Ontario Government Accused of Permitting ‘Travelling Mines’ Using ‘Out of Date’ Map

On Aug. 29, the Ontario government approved 13 mining permits using a map the Oneida Nation of the Thames says is decades out of date. The Ontario government said it relied on a 2015 map provided by the OSPCA of Campbell River. The OSPCA told BuzzFeed News the map was used to tally the number of animal seizures by its officers, who wrote reports then sent them to the Mining Exploration Licence and Completion Section, the department that authorizes mining projects in the province.

The Oneida Nation of the Thames, located in Ontario’s Kenora District, denies having “skewed or manipulated” the chart, and said the 2015 chart is outdated. The First Nation pointed out a map from 2010 that showed the Kenora district and the northwestern tip of the Fraser Basin to be within about 70 km (44 miles) of where the new permits were approved.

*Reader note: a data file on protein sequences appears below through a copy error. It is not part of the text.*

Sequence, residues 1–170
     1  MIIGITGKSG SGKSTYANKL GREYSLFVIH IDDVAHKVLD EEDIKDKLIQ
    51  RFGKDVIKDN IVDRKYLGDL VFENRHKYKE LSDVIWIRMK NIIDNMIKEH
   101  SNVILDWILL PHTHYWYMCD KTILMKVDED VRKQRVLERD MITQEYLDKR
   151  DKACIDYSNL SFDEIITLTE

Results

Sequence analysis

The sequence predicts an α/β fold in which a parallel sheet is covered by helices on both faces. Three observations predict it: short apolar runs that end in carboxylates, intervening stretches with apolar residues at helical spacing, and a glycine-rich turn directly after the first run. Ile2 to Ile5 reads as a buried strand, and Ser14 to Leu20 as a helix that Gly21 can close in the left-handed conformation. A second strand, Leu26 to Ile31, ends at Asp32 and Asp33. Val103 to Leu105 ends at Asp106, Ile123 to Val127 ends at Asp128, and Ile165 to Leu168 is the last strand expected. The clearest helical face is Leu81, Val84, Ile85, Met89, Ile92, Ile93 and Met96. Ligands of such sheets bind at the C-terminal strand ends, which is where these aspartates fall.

Despite the Oneida Nation’s claims, the province said the 2015 map reflects a true border for mining licenses. In a statement released Friday, Mining Minister Michael Gravelle said, “Mining exploration licences have indeed a border, and the 2019 map will be used to identify areas over which mining exploration will be permitted, while the 2015 map will be used to determine zones over which mining exploration permits will be issued.”

The Oneida Nation of the Thames called the government’s action “trickery and bad faith” in a statement released on Aug. 30, and expressed its opposition to the “travelling mines” they claim will violate its sovereignty and violate local waterways. The First Nation is asking the government to withhold a mining licence that was recently granted for a “business concept” project worth $3.5 million.

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